“I came here to do a job but always understood it would not be forever,” he said.

Brizard said he didn’t go looking for the opportunity.

“I'm not going to say I'm not ambitious. Everyone wants to be ambitious. I work hard. For me, it is about the work, not about money and certainly not about seeing what is next. I am not a serial superintendent,” Brizard said.

But Brizard did feel the heat during his nearly 3 ½ years with the Rochester City School District. Teachers overwhelmingly voted no confidence in his leadership. A Center for Governmental Research survey showed only 9 percent of teachers and 43 percent of administrators think the district is in a better place because of Brizard.

Downstairs from the press conference, community activists gathered to demand a different style of management going forward.

“I don't think the district is in a better place. To use the cliché, I guess I would say we've been on the wrong train, the wrong track in the wrong direction,” said retired principal Dan Drmacich.

“I'm not going to say he's a bad person, but I don't think he did much for our district since he's been here,” said parent Carmella Terry.

Brizard’s efforts to close troubled schools, end teacher seniority, enact merit pay and his support for charter schools caused controversy. More recently, he announced massive budget cuts, including more than 900 layoffs.

“It's not about bailing whatsoever,” Brizard said. “In fact, if I was I would be looking for a more difficult assignment.”

Brizard said the teachers’ no-confidence vote stung. “I am not anti-teacher…That label has probably been the most hurtful for me as an educator.”

Resignation by Text Message?

On Friday, four of the seven members of the school board held a news conference to say they supported Brizard and he had not informed them of any plans to leave the district. But board president Malik Evans and board member Van White admitted they had not been able to contact the superintendent for a week.

Then on Monday, Evans said Brizard sent him a text message informing him of his resignation. Evans called the text “unprofessional.”

Brizard said he did not inform Evans via text that he was leaving.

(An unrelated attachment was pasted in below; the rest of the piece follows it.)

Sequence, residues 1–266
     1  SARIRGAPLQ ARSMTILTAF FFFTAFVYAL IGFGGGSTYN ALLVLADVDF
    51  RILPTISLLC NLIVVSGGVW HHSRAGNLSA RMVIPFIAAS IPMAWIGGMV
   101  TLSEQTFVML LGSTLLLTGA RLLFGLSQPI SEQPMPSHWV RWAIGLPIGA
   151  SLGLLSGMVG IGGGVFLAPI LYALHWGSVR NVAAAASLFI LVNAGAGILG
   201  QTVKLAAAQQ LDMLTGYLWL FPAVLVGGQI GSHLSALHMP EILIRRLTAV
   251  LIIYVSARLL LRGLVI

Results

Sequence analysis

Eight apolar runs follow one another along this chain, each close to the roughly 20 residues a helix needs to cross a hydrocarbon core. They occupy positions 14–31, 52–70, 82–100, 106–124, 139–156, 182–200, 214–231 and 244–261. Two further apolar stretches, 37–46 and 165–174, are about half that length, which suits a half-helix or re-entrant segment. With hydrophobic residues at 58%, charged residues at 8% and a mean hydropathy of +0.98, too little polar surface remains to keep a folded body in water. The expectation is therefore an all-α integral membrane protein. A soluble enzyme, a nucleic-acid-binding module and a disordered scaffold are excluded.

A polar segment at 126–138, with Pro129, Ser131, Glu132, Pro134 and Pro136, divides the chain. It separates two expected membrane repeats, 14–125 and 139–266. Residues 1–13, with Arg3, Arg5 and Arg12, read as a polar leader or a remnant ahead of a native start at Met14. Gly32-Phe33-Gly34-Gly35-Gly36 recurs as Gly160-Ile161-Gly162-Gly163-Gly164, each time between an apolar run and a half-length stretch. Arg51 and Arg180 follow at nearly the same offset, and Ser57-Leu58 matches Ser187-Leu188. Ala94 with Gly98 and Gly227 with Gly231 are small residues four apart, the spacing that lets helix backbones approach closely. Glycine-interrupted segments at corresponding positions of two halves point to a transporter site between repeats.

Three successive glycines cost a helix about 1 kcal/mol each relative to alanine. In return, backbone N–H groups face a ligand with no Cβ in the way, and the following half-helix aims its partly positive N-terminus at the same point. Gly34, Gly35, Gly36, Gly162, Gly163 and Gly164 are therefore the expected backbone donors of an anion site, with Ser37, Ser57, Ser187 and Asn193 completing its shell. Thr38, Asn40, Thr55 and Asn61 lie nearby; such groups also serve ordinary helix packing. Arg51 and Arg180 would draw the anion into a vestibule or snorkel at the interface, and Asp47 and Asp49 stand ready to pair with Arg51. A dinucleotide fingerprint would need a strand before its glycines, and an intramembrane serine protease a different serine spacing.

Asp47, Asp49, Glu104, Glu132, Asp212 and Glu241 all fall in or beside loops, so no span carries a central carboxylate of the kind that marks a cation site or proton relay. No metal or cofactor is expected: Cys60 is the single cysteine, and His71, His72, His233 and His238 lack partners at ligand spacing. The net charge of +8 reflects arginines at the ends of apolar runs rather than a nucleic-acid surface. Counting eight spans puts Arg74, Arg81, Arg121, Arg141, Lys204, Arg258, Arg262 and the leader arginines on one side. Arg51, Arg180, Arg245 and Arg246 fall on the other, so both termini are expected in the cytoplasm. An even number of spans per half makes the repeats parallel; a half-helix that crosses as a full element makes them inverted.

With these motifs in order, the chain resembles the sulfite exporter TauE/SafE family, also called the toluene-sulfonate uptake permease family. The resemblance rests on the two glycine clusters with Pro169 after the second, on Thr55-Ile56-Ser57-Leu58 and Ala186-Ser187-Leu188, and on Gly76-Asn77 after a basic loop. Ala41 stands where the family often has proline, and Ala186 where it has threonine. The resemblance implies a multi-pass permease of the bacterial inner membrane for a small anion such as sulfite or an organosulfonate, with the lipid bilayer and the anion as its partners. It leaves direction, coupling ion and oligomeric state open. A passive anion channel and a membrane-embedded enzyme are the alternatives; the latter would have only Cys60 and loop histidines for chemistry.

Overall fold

“I talked to Malik three times before that message. It wasn't just a text message. We actually spoke in person and last over the phone on Saturday,” Brizard said. He added that he did not get any texts from White, saying White perhaps had the wrong number.

Meta data from documents released by the district indicate that the press release announcing Brizard’s departure was created on Friday at 9:52 p.m. It was sent to the press on Monday afternoon. Brizard’s letter of resignation to Evans was created on Saturday at 10:27 p.m. Evans said he received by courier Monday afternoon.

“I'm not going to go back and forth on how we got notified and not notified,” Evans said. “I made it very clear on Monday how I was notified. I think it's time to move forward. It's time for us to move past Jean-Claude Brizard. He's made his decision. He's going to Chicago. We wish him well.”



Comments:

April 21, 2011 at 5:45 PM

By: Lynn Ellingwood

Jean Claude Brizzard or JC to Chicago Folks

I am hoping Jean Claude will leave Rochester soon and JC will reappear in Chicago. I'm terrified that Rahm will rescind his offer and Rochester won't end his contract soon enough. That would mean that horror of horrors, Brizzard will stay and that would be a nightmare!

April 22, 2011 at 9:48 AM

By: Grant

News item

Had to wade through this story to find his priorities. The resignation process, that's news?

Troubled schools - Yes, agree

Teacher Senoirity - ON the fence

Merit Pay - Big time support, agree

Charter schools - yes, agree

....Brizard’s efforts to close troubled schools, end teacher seniority, enact merit pay and his support for charter schools caused controversy.